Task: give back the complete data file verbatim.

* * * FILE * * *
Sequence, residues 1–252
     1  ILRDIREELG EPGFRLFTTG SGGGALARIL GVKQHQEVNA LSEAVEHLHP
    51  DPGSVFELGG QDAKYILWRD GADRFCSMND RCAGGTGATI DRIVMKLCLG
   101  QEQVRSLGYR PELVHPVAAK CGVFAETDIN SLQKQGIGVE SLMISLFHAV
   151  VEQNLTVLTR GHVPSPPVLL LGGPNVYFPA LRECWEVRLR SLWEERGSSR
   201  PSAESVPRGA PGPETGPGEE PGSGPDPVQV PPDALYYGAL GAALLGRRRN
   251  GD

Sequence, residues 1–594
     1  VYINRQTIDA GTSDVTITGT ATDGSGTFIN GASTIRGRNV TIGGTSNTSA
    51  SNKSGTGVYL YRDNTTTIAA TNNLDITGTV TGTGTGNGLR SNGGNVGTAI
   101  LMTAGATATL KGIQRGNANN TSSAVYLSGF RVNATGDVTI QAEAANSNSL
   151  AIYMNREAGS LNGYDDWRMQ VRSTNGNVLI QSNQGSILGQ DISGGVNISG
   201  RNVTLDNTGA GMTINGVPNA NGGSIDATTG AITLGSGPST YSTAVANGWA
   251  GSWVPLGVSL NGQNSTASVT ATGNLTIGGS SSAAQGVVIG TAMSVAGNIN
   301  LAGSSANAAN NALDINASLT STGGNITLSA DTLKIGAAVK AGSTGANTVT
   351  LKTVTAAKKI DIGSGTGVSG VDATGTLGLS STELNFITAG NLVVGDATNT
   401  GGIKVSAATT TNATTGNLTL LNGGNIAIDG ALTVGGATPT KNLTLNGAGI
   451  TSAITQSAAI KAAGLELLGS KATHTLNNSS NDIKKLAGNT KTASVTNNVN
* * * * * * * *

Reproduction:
Sequence, residues 1–252
     1  ILRDIREELG EPGFRLFTTG SGGGALARIL GVKQHQEVNA LSEAVEHLHP
    51  DPGSVFELGG QDAKYILWRD GADRFCSMND RCAGGTGATI DRIVMKLCLG
   101  QEQVRSLGYR PELVHPVAAK CGVFAETDIN SLQKQGIGVE SLMISLFHAV
   151  VEQNLTVLTR GHVPSPPVLL LGGPNVYFPA LRECWEVRLR SLWEERGSSR
   201  PSAESVPRGA PGPETGPGEE PGSGPDPVQV PPDALYYGAL GAALLGRRRN
   251  GD

Sequence, residues 1–594
     1  VYINRQTIDA GTSDVTITGT ATDGSGTFIN GASTIRGRNV TIGGTSNTSA
    51  SNKSGTGVYL YRDNTTTIAA TNNLDITGTV TGTGTGNGLR SNGGNVGTAI
   101  LMTAGATATL KGIQRGNANN TSSAVYLSGF RVNATGDVTI QAEAANSNSL
   151  AIYMNREAGS LNGYDDWRMQ VRSTNGNVLI QSNQGSILGQ DISGGVNISG
   201  RNVTLDNTGA GMTINGVPNA NGGSIDATTG AITLGSGPST YSTAVANGWA
   251  GSWVPLGVSL NGQNSTASVT ATGNLTIGGS SSAAQGVVIG TAMSVAGNIN
   301  LAGSSANAAN NALDINASLT STGGNITLSA DTLKIGAAVK AGSTGANTVT
   351  LKTVTAAKKI DIGSGTGVSG VDATGTLGLS STELNFITAG NLVVGDATNT
   401  GGIKVSAATT TNATTGNLTL LNGGNIAIDG ALTVGGATPT KNLTLNGAGI
   451  TSAITQSAAI KAAGLELLGS KATHTLNNSS NDIKKLAGNT KTASVTNNVN